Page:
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Hoffmann, R. A wiki for the life sciences where authorship matters. Nature Genetics (2008)

Independent production of CO2 sensitivity by nuclear gene Dly and a transmissible agent from delayed-recovery Drosophila melanogaster.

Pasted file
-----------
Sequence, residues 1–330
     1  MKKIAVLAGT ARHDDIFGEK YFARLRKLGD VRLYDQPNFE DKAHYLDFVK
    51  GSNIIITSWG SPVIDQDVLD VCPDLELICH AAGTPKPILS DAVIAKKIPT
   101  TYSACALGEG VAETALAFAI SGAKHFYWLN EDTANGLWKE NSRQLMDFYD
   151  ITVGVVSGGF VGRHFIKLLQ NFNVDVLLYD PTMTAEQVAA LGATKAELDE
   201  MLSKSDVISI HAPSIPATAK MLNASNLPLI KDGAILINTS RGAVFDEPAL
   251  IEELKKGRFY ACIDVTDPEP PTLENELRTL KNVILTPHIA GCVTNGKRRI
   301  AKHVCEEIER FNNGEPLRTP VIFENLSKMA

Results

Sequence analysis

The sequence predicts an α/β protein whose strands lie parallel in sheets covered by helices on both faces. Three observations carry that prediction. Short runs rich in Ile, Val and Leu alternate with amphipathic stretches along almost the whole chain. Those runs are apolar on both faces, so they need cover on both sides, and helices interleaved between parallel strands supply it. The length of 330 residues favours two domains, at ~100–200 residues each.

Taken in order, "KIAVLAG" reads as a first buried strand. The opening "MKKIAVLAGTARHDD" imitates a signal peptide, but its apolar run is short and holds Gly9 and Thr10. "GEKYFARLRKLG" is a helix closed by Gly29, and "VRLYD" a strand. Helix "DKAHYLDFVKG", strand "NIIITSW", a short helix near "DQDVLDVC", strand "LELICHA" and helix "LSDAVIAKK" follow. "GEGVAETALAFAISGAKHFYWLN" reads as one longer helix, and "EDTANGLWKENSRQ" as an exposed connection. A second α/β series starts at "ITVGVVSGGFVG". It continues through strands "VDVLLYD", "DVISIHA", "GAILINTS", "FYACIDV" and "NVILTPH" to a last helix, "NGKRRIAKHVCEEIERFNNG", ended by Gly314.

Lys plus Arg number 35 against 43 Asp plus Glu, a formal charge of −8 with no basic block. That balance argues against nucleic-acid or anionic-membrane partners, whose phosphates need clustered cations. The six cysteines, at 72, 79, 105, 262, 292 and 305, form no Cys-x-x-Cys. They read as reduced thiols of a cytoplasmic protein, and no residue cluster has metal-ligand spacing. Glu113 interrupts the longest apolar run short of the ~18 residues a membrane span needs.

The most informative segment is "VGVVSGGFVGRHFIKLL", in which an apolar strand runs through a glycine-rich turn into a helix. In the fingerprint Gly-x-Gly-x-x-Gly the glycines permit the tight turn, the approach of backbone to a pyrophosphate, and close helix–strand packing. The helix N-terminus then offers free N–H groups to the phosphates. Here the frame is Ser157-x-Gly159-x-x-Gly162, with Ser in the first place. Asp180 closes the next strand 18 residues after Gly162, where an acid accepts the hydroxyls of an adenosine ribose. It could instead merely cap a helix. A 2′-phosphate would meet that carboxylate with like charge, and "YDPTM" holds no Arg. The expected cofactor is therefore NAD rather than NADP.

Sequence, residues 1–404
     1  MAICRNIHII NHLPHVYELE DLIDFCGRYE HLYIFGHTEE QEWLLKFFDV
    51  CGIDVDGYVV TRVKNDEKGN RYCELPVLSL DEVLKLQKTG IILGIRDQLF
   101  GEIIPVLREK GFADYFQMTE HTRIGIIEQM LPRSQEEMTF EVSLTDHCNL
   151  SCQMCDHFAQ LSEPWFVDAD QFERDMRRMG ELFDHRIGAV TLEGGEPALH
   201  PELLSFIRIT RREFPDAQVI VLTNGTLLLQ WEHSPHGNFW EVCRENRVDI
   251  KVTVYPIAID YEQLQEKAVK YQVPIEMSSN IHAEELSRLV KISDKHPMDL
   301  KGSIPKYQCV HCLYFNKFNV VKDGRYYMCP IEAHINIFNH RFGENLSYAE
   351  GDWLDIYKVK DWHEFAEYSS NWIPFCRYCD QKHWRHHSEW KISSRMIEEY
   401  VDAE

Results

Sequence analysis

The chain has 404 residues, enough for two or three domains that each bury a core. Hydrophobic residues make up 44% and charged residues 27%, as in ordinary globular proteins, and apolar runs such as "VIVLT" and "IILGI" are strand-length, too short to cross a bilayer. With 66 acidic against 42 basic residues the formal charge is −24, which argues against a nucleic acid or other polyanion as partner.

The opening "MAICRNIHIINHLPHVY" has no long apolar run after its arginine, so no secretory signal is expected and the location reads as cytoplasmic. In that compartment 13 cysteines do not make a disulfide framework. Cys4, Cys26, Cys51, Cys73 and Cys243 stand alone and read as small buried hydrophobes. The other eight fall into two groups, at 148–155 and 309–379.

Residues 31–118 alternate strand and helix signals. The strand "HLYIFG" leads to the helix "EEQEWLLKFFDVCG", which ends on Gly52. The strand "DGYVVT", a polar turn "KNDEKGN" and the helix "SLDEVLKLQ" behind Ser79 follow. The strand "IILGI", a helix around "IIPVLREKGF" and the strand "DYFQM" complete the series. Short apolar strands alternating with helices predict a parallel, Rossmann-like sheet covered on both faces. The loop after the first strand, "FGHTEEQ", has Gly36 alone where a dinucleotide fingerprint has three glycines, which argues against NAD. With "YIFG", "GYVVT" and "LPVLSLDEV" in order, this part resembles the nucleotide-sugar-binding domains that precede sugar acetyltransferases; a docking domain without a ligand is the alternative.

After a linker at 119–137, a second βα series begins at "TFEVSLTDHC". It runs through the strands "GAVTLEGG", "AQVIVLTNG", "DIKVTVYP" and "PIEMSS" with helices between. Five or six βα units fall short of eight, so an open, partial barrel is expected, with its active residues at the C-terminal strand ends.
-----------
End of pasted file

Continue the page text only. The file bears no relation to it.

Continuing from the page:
Flies of stocks designated delayed-recovery by McCrady and Sulerud (1964) remain temporarily paralyzed after exposure to carbon dioxide. This condition is similar to CO2-sensitivity, which occurs in flies infected with the maternally transmitted sigma viruus, but is due, at least in part, to the third chromosome mutant gene Dly. Because earlier work indicated that extracts of delayed-recovery flies could occasionally transmit CO2 sensitivity when injected into resistant recipients, we have tested the possibility that some delayed-recovery stocks contain a sigma-like transmissible virus, in addition to the Dly gene. We found that TDR-orange, a stock derived from the original delayed-recovery line, and temperature-cured populations of the same stock, both contain some agent that is transmissible by injection. TDR-BC3f, a stock derived by backcrossing through the male line to eliminate maternally transmitted factors, does not appear to contain such an infectious agent, but remains sensitive to CO2. These observations lead us to the conclusion that the originally described delayed-recovery stocks harbor an infectious extrachromosomal agent, in addition to possessing the Dly gene, and each is capable of producing a sensitivity to carbon dioxide.[1]


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